London. Now. The Greatest City in the History of the World

I'm not a Londoner by birth, and I  have lived 30 miles out of the city for many years, but have worked in and around central London for most of my last 20 years. And what has struck me over the last year or so, perhaps first stimulated by the Olympics, is that London, right now, is not just the greatest city in the world, by some distance, but is the greatest city the world has ever seen.

Think of it like this. If you could choose to live in any city in history, which time and place would it be? And you can't choose to be a Roman Emperor, or a rich businessman in 19th century Vienna or Paris, you have to take a random allocation of your position in life and society, in that place and at that time.  (I accept that some people would go for the countryside every time, but that's not the point).

That rules out most historical candidates - for a slave, Rome wasn't much fun, and neither was 19th century Paris for a prostitute or labourer.  And if we look at the world today, there really is no competition.

New York? No sport that anyone else in the world wants to watch, a certain rudeness, and $25 to get into MOMA.  Paris? Just not cosmopolitan enough, too insular, not cutting edge at anything.  Tokyo? A bit weird, food choice limited, not the best for the arts, sport, open spaces.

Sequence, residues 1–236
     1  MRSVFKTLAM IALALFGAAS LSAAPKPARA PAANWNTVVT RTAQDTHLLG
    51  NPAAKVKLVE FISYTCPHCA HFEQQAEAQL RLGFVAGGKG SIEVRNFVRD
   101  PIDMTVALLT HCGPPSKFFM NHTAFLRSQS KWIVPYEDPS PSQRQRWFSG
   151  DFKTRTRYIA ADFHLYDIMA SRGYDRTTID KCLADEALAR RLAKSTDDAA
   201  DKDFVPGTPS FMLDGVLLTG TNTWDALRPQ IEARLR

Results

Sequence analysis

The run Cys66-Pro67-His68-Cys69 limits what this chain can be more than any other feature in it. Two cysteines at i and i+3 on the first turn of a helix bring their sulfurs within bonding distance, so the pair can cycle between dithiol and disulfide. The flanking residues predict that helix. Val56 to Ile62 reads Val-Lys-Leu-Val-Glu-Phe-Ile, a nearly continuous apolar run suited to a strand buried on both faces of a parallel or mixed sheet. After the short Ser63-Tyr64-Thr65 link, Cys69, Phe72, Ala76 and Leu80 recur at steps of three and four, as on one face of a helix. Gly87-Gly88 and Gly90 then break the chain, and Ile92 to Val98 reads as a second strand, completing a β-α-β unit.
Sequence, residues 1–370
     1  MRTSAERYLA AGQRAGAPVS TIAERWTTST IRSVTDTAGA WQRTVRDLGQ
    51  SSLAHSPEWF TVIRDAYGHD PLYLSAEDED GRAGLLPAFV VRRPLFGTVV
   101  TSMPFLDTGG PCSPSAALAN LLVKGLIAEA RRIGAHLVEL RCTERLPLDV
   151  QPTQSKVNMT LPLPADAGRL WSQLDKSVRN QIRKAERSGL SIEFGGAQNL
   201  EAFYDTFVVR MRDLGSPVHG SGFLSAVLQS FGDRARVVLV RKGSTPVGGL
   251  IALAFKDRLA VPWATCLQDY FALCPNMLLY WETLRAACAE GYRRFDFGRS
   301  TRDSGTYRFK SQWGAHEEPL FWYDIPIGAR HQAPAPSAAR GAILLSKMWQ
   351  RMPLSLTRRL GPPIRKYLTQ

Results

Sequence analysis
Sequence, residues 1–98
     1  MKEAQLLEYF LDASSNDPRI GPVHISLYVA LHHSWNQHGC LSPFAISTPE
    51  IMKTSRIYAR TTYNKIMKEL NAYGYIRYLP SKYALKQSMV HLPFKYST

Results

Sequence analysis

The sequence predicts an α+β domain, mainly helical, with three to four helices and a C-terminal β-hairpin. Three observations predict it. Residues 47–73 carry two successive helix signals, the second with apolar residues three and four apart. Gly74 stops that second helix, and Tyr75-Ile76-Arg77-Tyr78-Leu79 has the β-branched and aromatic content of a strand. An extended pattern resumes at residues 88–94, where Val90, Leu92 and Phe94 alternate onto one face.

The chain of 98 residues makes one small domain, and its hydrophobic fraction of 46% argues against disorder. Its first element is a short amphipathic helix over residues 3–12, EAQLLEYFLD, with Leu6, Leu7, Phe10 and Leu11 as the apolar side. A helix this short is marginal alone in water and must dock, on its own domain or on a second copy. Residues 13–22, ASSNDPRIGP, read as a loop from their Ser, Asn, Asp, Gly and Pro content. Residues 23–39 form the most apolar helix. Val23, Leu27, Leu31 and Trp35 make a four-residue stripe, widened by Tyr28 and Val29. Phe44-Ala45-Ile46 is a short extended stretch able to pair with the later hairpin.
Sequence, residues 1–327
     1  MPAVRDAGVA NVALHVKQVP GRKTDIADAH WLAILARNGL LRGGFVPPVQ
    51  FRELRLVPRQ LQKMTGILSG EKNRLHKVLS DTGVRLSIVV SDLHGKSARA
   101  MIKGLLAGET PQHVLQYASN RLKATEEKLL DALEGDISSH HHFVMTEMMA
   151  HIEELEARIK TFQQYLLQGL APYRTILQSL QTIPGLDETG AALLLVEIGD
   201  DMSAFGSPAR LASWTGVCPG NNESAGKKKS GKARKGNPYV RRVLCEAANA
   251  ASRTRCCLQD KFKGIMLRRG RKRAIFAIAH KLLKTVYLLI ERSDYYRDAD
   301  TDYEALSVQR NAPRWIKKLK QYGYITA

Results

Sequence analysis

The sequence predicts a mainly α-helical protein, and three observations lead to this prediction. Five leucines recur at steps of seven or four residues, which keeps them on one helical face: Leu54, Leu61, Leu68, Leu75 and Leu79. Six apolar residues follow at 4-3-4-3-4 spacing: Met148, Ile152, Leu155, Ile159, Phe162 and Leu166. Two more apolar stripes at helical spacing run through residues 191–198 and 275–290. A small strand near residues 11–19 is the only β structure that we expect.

But London - the best theatre in the world, the best music of every type,  the best (and free) museums and galleries, the widest range of excellent restaurants in the world at every price range, great parks, shops, sports events...  Great buildings, from ancient to modern. People who are generally pretty friendly and polite.  Even if you're not wealthy, there is so much to enjoy.

At the recent Procurement Talent conference, we talked about the competitive threat from Asia in particular. Will the UK eventually become globally insignificant? Will head offices move from London or New York to Seoul, Jakarta, Shanghai? Well, they might. But the sheer glory of London is perhaps our best bet for the future wealth of the nation. People want to live here, and let's hope enough powerful folk feel like that to keep the UK economy going.

And here's the post-Olympics montage from the BBC  - featuring "London", with words by the much-missed Sandy Denny, and music and performance by the brilliant and under-rated Thea Gilmore.


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Voices (3)

  1. Richard Hall:

    Totally agree – pity the Paralympics did not feature in the montage as that was arguably more inspiring – 80,000 every session to watch the athletics.

  2. Planbee:

    Contentious (but right).

    So writes a Londoner

    1. Planbee:

      Forgot to add, for those of you newcomers, London is welcoming and has been a melting pot of cultures for 2000 years.

      As one novelist wrote

      No matter where you come from, when you feel you are a Londoner, you are a Londoner

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